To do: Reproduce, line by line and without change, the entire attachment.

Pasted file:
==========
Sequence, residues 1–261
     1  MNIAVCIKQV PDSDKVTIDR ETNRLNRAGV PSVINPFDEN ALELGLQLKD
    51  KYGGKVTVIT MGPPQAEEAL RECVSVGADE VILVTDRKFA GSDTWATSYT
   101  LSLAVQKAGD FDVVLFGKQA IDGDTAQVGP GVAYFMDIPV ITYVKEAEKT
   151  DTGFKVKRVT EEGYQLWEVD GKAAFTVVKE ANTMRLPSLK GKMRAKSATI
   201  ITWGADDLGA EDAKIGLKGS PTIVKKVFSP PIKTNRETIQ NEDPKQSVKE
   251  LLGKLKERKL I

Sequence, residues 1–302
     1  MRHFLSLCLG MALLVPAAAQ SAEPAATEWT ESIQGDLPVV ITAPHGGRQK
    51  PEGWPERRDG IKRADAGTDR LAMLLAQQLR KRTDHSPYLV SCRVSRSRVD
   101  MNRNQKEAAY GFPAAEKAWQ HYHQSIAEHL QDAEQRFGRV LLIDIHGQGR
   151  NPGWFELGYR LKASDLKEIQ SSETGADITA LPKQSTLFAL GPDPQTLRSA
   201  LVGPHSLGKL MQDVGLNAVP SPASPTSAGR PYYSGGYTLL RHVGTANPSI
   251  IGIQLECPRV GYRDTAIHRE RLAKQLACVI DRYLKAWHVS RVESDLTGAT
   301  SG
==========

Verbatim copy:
Sequence, residues 1–261
     1  MNIAVCIKQV PDSDKVTIDR ETNRLNRAGV PSVINPFDEN ALELGLQLKD
    51  KYGGKVTVIT MGPPQAEEAL RECVSVGADE VILVTDRKFA GSDTWATSYT
   101  LSLAVQKAGD FDVVLFGKQA IDGDTAQVGP GVAYFMDIPV ITYVKEAEKT
   151  DTGFKVKRVT EEGYQLWEVD GKAAFTVVKE ANTMRLPSLK GKMRAKSATI
   201  ITWGADDLGA EDAKIGLKGS PTIVKKVFSP PIKTNRETIQ NEDPKQSVKE
   251  LLGKLKERKL I

Sequence, residues 1–302
     1  MRHFLSLCLG MALLVPAAAQ SAEPAATEWT ESIQGDLPVV ITAPHGGRQK
    51  PEGWPERRDG IKRADAGTDR LAMLLAQQLR KRTDHSPYLV SCRVSRSRVD
   101  MNRNQKEAAY GFPAAEKAWQ HYHQSIAEHL QDAEQRFGRV LLIDIHGQGR
   151  NPGWFELGYR LKASDLKEIQ SSETGADITA LPKQSTLFAL GPDPQTLRSA
   201  LVGPHSLGKL MQDVGLNAVP SPASPTSAGR PYYSGGYTLL RHVGTANPSI
   251  IGIQLECPRV GYRDTAIHRE RLAKQLACVI DRYLKAWHVS RVESDLTGAT
   301  SG